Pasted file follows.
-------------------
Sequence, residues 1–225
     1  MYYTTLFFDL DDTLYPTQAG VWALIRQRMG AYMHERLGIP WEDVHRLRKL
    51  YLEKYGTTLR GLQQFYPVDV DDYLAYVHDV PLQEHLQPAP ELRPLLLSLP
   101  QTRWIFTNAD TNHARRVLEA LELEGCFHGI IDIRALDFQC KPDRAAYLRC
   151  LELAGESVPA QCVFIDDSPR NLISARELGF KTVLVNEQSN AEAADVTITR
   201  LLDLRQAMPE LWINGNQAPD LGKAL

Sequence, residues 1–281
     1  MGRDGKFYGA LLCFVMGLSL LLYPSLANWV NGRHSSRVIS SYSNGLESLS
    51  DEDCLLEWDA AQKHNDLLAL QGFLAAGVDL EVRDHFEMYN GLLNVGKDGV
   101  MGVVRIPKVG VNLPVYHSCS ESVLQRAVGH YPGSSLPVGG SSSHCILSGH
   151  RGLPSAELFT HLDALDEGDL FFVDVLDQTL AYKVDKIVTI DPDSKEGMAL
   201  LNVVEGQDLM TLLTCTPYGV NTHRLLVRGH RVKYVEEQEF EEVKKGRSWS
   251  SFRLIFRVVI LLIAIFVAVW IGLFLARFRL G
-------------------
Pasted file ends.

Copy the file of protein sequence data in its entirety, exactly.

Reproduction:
Sequence, residues 1–225
     1  MYYTTLFFDL DDTLYPTQAG VWALIRQRMG AYMHERLGIP WEDVHRLRKL
    51  YLEKYGTTLR GLQQFYPVDV DDYLAYVHDV PLQEHLQPAP ELRPLLLSLP
   101  QTRWIFTNAD TNHARRVLEA LELEGCFHGI IDIRALDFQC KPDRAAYLRC
   151  LELAGESVPA QCVFIDDSPR NLISARELGF KTVLVNEQSN AEAADVTITR
   201  LLDLRQAMPE LWINGNQAPD LGKAL

Sequence, residues 1–281
     1  MGRDGKFYGA LLCFVMGLSL LLYPSLANWV NGRHSSRVIS SYSNGLESLS
    51  DEDCLLEWDA AQKHNDLLAL QGFLAAGVDL EVRDHFEMYN GLLNVGKDGV
   101  MGVVRIPKVG VNLPVYHSCS ESVLQRAVGH YPGSSLPVGG SSSHCILSGH
   151  RGLPSAELFT HLDALDEGDL FFVDVLDQTL AYKVDKIVTI DPDSKEGMAL
   201  LNVVEGQDLM TLLTCTPYGV NTHRLLVRGH RVKYVEEQEF EEVKKGRSWS
   251  SFRLIFRVVI LLIAIFVAVW IGLFLARFRL G